Vinaya texts (Sarvāstivādin Canon)

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The Vinaya texts of the Sarvāstivādin Canon tradition are extant in the Chinese Buddhist canon.

Texts

To be determined.

History of the Sarvāstivāda Vinaya in China

In its early history, the Sarvāstivāda Vinaya was the most common vinaya tradition in China. However, Chinese Buddhism later settled on the Dharmaguptaka Vinaya. In the 7th century, Yijing wrote that in eastern China, most people followed the Dharmaguptaka Vinaya, while the Mahāsāṃghika Vinaya was used in earlier times in Guanzhong (the region around Chang'an), and that the Sarvāstivāda Vinaya was prominent in the Yangzi River area and further south.[1] In the 7th century, the existence of multiple Vinaya lineages throughout China was criticized by prominent Vinaya masters such as Yijing and Dao'an (654–717). In the early 8th century, Daoan gained the support of Emperor Zhongzong of Tang, and an imperial edict was issued that the saṃgha in China should use only the Dharmaguptaka Vinaya for ordination.[2]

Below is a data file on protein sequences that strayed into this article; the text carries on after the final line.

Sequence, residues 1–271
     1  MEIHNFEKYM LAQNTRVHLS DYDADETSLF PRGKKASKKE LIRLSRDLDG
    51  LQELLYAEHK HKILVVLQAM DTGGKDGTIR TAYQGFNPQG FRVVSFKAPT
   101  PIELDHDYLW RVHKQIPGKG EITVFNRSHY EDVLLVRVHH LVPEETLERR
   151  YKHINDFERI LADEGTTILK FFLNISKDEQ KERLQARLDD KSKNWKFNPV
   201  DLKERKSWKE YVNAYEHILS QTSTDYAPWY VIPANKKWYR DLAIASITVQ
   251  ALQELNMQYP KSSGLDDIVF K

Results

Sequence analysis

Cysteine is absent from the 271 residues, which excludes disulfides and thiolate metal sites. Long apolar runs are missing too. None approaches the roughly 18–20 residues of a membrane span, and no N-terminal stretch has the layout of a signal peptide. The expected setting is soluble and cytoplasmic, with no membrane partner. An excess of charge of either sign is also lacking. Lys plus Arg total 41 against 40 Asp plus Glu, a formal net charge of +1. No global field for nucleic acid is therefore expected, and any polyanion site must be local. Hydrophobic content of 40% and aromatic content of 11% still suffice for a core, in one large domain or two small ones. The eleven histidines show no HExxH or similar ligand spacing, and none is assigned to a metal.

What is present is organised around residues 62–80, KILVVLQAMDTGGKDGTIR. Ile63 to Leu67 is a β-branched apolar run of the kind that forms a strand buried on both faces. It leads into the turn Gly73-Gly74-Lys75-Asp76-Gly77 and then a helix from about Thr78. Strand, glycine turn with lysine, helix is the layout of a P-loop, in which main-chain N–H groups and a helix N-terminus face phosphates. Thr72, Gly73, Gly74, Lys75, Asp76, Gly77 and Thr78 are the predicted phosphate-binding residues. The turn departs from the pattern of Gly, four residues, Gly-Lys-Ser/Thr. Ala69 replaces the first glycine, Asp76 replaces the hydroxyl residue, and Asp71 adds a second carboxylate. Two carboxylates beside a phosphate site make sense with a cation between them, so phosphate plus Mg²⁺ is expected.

Relation to Dharmaguptaka

The Dharmaguptaka are known to have rejected the authority of the Sarvāstivāda pratimokṣa rules on the grounds that the original teachings of the Buddha had been lost.[3]

References

  1. Mohr, Thea. Tsedroen, Jampa. Dignity and Discipline: Reviving Full Ordination for Buddhist Nuns. 2010. p. 187
  2. Heirman, Ann. Bumbacher, Stephan Peter. The Spread of Buddhism. 2007. pp. 194-195
  3. Baruah, Bibhuti. Buddhist Sects and Sectarianism. 2008. p. 52